Title: The Undomestic Goddess
Author: Sophie Kinsella
Genre: Contemporary fiction, women’s fiction
Rating: 4 out of 5 stars
Source: Audiobook from the public library
Audiobook reader: Rosalyn Landor
First line: Would you consider yourself stressed?
Goodreads blurb: Workaholic attorney Samantha Sweeting has just done the unthinkable. She’s made a mistake so huge, it’ll wreck any chance of a partnership.
Going into utter meltdown, she walks out of her London office, gets on a train, and ends up in the middle of nowhere. Asking for directions at a big, beautiful house, she’s mistaken for an interviewee and finds herself being offered a job as housekeeper. Her employers have no idea they’ve hired a lawyer–and Samantha has no idea how to work the oven. She can’t sew on a button, bake a potato, or get the #@%# ironing board to open. How she takes a deep breath and begins to cope – and finds love – is a story as delicious as the bread she learns to bake.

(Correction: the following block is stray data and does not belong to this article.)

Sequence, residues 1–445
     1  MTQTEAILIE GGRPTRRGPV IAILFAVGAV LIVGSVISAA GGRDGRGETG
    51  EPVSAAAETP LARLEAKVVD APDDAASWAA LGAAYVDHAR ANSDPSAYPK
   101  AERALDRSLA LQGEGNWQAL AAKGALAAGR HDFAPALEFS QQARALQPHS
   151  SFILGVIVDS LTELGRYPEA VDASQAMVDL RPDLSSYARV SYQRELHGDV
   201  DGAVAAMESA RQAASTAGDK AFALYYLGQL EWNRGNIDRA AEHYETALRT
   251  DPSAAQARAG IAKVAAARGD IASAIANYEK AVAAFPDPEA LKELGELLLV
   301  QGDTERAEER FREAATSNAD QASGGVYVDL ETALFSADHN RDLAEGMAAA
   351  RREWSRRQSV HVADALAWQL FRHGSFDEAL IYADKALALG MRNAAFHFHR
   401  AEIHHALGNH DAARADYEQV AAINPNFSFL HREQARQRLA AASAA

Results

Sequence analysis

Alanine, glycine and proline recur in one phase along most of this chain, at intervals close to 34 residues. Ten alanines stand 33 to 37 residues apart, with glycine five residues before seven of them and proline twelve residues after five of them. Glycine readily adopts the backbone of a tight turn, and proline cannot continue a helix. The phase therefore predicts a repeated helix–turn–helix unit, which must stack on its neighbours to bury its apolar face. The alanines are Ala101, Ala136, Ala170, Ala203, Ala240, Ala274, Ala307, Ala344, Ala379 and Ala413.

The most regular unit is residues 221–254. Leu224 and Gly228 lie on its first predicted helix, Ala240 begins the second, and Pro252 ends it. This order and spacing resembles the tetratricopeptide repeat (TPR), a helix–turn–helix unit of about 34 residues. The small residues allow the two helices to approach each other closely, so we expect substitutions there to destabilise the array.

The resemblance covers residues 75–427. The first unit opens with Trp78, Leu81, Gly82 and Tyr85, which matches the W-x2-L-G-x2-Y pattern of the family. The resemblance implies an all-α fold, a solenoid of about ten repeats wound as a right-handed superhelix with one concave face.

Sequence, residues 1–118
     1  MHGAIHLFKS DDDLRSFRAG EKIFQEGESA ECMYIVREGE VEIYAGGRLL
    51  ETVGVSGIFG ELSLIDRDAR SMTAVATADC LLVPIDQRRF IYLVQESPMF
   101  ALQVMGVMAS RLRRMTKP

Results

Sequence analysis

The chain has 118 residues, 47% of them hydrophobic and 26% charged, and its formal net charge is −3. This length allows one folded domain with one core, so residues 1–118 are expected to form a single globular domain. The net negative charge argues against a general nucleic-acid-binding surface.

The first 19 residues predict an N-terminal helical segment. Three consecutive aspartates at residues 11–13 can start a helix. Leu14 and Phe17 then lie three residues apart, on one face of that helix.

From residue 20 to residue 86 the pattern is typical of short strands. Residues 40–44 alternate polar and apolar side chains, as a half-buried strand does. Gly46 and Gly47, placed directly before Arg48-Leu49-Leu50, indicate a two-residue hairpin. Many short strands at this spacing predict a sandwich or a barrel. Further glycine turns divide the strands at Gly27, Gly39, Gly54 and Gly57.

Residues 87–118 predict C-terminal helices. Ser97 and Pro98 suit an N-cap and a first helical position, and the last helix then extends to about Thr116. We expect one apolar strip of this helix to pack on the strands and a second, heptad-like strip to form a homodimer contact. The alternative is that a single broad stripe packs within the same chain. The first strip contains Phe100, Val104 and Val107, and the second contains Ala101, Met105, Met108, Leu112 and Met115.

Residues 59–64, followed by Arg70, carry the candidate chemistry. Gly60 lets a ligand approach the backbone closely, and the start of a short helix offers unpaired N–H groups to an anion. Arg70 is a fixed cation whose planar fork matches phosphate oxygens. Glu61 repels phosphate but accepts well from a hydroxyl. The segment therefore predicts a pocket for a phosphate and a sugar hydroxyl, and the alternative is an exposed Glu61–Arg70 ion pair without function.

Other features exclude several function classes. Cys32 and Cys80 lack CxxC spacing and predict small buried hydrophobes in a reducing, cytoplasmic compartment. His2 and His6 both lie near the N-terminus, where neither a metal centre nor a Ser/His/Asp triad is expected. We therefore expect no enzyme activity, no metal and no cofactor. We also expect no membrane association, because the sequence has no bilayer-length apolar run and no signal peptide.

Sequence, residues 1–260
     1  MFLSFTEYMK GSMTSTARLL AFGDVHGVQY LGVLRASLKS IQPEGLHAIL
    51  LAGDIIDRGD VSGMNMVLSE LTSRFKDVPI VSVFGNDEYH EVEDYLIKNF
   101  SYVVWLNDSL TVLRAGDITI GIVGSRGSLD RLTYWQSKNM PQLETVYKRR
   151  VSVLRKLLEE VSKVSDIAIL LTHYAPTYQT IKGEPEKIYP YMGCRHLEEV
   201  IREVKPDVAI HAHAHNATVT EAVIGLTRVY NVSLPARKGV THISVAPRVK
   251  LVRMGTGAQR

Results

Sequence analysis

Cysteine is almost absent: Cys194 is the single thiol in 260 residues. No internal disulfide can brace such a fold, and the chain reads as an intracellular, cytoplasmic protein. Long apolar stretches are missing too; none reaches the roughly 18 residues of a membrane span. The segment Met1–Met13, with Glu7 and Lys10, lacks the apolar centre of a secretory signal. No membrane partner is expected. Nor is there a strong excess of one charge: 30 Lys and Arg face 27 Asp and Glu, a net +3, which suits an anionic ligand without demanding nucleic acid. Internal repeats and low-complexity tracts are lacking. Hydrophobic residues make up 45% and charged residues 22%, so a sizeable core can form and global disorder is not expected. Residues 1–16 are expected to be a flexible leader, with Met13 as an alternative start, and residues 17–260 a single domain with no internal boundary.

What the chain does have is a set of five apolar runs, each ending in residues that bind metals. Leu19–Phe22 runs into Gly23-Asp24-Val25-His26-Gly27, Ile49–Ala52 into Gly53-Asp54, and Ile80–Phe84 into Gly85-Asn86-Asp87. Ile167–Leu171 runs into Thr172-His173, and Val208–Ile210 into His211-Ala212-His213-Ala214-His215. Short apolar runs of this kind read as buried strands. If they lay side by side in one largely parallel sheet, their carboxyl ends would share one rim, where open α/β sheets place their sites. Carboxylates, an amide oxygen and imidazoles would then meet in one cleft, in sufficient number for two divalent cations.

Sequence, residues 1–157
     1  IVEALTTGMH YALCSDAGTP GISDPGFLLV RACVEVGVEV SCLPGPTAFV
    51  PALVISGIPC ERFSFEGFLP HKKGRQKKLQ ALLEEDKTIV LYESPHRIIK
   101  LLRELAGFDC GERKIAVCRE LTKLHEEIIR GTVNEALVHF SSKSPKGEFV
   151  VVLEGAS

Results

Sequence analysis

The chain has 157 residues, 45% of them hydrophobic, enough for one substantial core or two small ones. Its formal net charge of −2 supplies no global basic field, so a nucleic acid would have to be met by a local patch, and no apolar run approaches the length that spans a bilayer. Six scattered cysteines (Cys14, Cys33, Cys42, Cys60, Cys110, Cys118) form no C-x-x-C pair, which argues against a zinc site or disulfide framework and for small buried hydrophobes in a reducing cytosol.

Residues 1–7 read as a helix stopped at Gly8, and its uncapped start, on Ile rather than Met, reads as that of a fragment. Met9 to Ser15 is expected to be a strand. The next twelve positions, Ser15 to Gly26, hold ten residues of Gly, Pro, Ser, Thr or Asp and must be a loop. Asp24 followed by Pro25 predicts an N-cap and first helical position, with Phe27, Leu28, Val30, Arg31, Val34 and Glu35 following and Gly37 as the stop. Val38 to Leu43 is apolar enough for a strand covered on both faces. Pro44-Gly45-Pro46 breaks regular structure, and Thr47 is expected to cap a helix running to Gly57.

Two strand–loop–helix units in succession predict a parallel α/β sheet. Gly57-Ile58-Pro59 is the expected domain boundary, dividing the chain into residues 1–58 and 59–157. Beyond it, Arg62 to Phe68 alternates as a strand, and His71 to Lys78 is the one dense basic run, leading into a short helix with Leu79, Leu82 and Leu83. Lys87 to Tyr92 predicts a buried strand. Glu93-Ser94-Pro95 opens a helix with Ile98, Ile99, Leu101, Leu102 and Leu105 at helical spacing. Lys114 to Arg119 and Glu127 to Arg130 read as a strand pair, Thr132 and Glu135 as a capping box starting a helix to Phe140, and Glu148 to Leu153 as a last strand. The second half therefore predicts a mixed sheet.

But will her old life ever catch up with her? And if it does…will she want it back?
I love Sophie Kinsella’s books on audio, especially when I’m desperately in need of a laugh. Sure, you have to suspend your disbelief a bit to accept the predicament her heroines get themselves into, but that is something I have no problem doing when you have characters as lovable as Samantha Sweeting.
While I loved the main character, it is the supporting characters in The Undomestic Goddess that provide much of the humor. Samantha’s new employers, Trish and Eddie, are new money, and they’re not used to having “help.” Of course, if they were really landed gentry, Samantha would never have been able to sneak her way into their household. They could have been completely boorish, but Kinsella keeps them from becoming mere caricatures by revealing how human they are.
The romance with Nathaniel is a bit predictable, but still quite enjoyable. And it is Samantha’s relationship with Nathaniel’s mum, who teaches Samantha how to cook, that is my favorite.
Kinsella leaves the ending a bit open-ended, and this is one time that I wasn’t bothered by it. In fact, I like the fact that I can think about Samantha and Nathaniel and imagine what they’re doing right now.
Audio notes: Rosalyn Landor narrated Kinsella’s I’ve Got Your Number, and also reads the Bess Crawford series by Charles Todd. I love her – she is definitely one of my favorite British female narrators.